dimanche 17 juin 2007

La Colline des Rêves

"In the year 1895 I was at length certain, or almost certain, that I was a man of letters. I had been, if I may put the matter thus familiarly, for more than twelve years 'on the job.' In '83 I had written a little book called 'The Anatomy of Tobacco', chiefly as a counter-irritant to loneliness and semi-starvation. In '84 I had translated the Heptameron of Margaret de Navarre, while '85 and '86 were devoted to the concoction of 'The Chronicle of Clemendy' a volume of medieval tales. Another translation, a version of 'Le Moyen de Parvenir' by Beroalde de Verville -- his name is more beautiful than his book -- occupied the leisure of my evenings somewhere about '88 and '89, the days being given to the rendering of the 'Memoirs of Casanova' (twelve volumes) into the English tongue. "
"It merely remained to discover what sort of book I was going to write.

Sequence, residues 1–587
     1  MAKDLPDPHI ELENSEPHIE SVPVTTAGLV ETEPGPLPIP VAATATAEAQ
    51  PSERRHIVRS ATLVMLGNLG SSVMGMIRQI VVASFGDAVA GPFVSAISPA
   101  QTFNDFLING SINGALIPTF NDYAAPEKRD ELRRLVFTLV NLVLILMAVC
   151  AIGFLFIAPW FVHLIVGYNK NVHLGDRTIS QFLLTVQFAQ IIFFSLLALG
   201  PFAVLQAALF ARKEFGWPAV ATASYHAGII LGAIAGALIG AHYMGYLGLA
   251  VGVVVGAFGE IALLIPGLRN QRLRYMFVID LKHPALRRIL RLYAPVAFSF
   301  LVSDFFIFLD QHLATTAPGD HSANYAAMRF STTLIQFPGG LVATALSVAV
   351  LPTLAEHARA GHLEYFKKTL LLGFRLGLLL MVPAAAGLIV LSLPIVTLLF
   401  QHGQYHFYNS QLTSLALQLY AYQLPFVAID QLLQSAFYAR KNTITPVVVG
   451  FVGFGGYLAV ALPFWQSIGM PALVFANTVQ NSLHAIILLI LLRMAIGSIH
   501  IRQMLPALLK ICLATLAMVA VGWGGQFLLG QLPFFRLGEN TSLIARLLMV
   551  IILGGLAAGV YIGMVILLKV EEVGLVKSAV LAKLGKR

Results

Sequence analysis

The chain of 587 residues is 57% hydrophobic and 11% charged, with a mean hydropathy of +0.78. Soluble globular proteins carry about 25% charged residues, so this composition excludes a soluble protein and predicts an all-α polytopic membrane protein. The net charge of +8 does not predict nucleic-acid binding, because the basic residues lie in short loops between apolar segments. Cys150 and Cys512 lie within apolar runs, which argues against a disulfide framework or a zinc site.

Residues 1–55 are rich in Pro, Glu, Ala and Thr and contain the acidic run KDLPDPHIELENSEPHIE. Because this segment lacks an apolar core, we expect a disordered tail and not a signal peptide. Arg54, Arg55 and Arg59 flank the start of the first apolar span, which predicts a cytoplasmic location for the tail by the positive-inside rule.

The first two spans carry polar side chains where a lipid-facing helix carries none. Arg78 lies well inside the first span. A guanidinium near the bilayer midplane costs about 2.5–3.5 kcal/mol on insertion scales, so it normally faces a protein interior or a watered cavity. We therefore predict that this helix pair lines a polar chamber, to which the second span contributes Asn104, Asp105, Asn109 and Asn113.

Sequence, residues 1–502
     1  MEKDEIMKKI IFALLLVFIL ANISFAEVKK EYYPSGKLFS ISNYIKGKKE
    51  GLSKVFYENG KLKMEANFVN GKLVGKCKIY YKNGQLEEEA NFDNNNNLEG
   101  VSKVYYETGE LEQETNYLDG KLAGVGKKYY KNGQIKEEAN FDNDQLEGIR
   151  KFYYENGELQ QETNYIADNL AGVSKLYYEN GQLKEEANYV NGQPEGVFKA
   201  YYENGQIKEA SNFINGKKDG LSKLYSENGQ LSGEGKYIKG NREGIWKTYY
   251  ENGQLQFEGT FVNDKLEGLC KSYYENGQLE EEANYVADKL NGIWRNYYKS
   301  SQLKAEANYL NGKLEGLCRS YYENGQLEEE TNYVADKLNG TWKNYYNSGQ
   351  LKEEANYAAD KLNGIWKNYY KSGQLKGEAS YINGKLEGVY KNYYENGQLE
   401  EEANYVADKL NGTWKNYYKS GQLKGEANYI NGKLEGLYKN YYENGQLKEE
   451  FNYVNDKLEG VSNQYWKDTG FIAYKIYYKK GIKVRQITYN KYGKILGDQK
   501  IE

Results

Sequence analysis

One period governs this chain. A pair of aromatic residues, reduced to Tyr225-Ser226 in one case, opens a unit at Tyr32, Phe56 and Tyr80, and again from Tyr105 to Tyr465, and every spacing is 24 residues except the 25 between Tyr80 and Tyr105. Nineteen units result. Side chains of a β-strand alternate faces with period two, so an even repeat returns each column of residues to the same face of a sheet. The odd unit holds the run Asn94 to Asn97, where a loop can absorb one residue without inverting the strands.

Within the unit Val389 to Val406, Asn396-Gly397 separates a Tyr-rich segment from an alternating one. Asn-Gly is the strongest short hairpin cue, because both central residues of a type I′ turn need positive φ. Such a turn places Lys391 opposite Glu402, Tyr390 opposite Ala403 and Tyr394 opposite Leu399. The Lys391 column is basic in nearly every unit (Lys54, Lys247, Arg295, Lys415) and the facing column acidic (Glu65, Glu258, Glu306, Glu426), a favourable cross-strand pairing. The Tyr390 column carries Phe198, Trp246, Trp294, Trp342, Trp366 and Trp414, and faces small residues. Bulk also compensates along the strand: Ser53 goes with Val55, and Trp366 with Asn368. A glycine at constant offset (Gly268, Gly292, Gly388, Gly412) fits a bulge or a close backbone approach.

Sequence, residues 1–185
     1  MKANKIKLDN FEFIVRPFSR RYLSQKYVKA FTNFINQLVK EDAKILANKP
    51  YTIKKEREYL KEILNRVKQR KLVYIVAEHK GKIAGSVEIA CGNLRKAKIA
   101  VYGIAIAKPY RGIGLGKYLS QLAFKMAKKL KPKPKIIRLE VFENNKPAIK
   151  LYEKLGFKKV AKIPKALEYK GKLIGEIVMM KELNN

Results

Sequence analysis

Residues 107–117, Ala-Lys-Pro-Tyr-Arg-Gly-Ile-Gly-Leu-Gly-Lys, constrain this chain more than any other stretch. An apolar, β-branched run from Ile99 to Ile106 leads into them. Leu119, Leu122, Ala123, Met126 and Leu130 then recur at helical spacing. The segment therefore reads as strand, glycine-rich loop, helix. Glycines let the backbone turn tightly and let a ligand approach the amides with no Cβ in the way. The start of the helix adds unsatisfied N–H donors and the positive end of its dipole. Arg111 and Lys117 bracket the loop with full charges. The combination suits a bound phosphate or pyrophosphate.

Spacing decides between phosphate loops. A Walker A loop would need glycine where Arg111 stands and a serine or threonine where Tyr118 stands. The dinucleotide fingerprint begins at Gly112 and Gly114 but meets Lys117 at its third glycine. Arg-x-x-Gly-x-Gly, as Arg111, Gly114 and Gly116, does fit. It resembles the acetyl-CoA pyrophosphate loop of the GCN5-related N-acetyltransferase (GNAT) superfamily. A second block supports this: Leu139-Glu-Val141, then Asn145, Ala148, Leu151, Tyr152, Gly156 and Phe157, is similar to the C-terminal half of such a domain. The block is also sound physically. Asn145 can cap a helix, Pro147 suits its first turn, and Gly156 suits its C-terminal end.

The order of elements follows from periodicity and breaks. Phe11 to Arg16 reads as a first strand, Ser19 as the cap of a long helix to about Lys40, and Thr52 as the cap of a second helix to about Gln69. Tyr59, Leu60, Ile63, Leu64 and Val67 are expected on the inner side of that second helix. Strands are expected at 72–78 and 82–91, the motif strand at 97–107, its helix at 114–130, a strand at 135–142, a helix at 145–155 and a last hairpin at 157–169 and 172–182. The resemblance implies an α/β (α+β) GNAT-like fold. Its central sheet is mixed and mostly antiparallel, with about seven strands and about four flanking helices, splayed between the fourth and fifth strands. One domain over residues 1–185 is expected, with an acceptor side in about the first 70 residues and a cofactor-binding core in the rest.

I took this problem out with me on solemn walks in dimmest Bloomsbury, then a region most fit to the contemplations of a meditative man. I had just moved into chambers at 4 Vernlam Buildings, Gray's Inn, and so, by way of Theobald's Road, I had easy access to the old, grave squares where life moved quietly and peaceably as if it were the life of a little country town. Grey square opened into grey square, silent street into silent street ; all was decorous and remote from the roar of traffic and the rush of men. But few people ascended the steps of the few old houses, but few descended them ; the local tradesmen, all old-established, old-fashioned, steady and good, called for orders and purveyed their wares in a sober way ; Bloomsbury was silence and repose ; and in its grey calm I pursued my anxious studies, and submitted my problems to myself. "